Thrive on Campus//

The Power of Connection: How I Maintained My Mental Health Transitioning to Harvard

Reaching out to people for help when you feel the weakest is one of the most important strategies in thriving in our human world.

Jannis Tobias Werner/Shutterstock
Jannis Tobias Werner/Shutterstock

Welcome to our special section, Thrive on Campus, devoted to covering the urgent issue of mental health among college and university students from all angles. If you are a college student, we invite you to apply to be an Editor-at-Large, or to simply contribute (please tag your pieces ThriveOnCampus). We welcome faculty, clinicians, and graduates to contribute as well. Read more here.

Last fall I moved all the way across the world from India to the U.S. to begin a new phase in my life, my yearlong graduate student life at the world-renowned Harvard University. The transition, although celebrated and supported by all my loved ones, turned out to be one of the most critical phases in the journey of my mental health. The narratives of life associated with this university can be very intimidating and the subtle and loud messages of stress, burnout, competition, and F.O.M.O. being passed around all the campus, can be hard to embrace, especially as an international student just transitioning into this culture.

As I prepare to graduate next month and take a few moments of quiet reflection, I can see that amongst all of the right and wrong strategies that I took during my time here, the one that helped me the most have been building authentic “human connections.” Relationships are the heart of all human experiences in this world and reaching out to people, being vulnerable to them about my problems and seeking help, even when my inner critic was rambling out loud helped me gain deeper and meaningful perspectives.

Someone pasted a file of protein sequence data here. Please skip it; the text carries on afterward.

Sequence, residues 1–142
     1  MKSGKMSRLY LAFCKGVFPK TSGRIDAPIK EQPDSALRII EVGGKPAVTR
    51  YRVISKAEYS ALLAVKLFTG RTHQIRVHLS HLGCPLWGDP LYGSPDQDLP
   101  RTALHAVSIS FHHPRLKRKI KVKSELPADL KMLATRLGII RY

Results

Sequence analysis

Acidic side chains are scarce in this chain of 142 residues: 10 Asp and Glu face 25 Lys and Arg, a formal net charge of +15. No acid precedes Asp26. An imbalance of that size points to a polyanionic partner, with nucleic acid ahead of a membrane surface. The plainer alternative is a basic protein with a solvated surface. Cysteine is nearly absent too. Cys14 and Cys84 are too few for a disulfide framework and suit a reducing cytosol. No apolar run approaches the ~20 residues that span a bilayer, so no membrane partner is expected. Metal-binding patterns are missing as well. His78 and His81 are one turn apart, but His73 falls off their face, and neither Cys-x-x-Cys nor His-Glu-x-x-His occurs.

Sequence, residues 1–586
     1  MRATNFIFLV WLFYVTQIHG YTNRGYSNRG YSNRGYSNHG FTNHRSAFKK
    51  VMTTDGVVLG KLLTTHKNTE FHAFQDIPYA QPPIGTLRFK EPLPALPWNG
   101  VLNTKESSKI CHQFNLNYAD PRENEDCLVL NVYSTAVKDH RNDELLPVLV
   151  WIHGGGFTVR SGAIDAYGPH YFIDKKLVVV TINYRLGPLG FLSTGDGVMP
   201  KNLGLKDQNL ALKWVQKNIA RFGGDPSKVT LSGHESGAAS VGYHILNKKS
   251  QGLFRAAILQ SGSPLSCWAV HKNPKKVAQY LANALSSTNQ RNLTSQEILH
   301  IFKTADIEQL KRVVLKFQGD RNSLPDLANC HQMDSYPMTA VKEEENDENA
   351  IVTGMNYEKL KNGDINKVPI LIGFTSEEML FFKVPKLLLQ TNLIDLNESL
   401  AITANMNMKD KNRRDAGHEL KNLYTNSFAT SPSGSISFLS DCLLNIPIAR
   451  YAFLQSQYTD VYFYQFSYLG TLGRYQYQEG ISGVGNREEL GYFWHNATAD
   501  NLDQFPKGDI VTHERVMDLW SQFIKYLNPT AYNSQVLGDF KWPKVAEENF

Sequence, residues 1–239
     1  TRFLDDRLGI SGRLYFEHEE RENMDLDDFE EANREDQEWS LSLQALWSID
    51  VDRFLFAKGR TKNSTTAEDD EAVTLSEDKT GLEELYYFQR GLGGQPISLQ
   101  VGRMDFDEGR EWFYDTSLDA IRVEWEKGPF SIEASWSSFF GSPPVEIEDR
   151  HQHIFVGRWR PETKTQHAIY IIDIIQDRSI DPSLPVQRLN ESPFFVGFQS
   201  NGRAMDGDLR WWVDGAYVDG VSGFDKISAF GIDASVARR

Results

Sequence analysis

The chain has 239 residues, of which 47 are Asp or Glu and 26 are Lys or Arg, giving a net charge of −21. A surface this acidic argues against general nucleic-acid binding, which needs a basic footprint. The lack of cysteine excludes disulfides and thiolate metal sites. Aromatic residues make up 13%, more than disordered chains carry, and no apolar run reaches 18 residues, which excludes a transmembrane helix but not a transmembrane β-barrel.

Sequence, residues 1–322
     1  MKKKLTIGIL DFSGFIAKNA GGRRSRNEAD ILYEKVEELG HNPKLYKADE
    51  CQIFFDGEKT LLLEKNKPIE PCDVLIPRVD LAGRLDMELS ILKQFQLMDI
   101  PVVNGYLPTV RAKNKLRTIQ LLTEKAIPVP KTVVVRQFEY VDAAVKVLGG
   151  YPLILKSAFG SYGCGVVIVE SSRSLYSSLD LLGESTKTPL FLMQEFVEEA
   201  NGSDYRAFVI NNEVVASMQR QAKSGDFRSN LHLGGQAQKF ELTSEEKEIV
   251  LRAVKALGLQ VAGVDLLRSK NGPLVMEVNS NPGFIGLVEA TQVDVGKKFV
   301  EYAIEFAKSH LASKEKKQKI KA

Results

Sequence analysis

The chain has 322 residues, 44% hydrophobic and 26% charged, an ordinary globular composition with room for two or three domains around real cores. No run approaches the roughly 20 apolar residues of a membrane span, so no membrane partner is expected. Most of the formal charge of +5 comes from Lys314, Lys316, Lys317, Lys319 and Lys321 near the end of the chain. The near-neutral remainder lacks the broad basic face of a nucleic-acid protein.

In my past few months here I have learnt that unpredictability is the one of the most prominent constants in life, and failure to build your “resilience” muscles in coping with this unpredictability can be nerve wrenching and anxiety-provoking. Life will demand resilience from us at every single step and we will have to show up to all of its tests, and not just show up with anger and bitterness, but with all our love and kindness.

So how did “human connection” help me in this journey? Reaching to different people who made my human network here, whether they were my professors, program administrators, teaching fellows, my residential life advisors, officials serving the office of student affairs in my school, and most importantly reaching out to my friends and family back home in India as well as in the U.S. helped me slowly and steadily build this muscle of resilience. Opening up to these people about the various difficulties and emotional roadblocks that appeared or continue to appear in my way helped them in helping me find perspectives. It might sound so simple, but opening up about my difficulties to all these people has been one of the most challenging things I have ever done. However, very soon I realized that opening up about my struggles rather than assuming, bottling, or brooding along with extending genuine trust in the listening offered by these people, that helped me survive and thrive in my transition to Harvard.

It is only through reaching out to other people that I realized the power of connection, vulnerability, and trust. It made me realize how our common human suffering is real and how each individual has their own set of unique struggles that must never be undermined by their fellow beings. However, authentic connection will continue to the most powerful strategy in overcoming hardships in life and that the narratives of our personal and professional identity in a place like Harvard though overwhelming, can be life shifting if we choose to open our hearts and minds to the power of human connection.

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More on Mental Health on Campus:

What Campus Mental Health Centers Are Doing to Keep Up With Student Need

If You’re a Student Who’s Struggling With Mental Health, These 7 Tips Will Help

The Hidden Stress of RAs in the Student Mental Health Crisis

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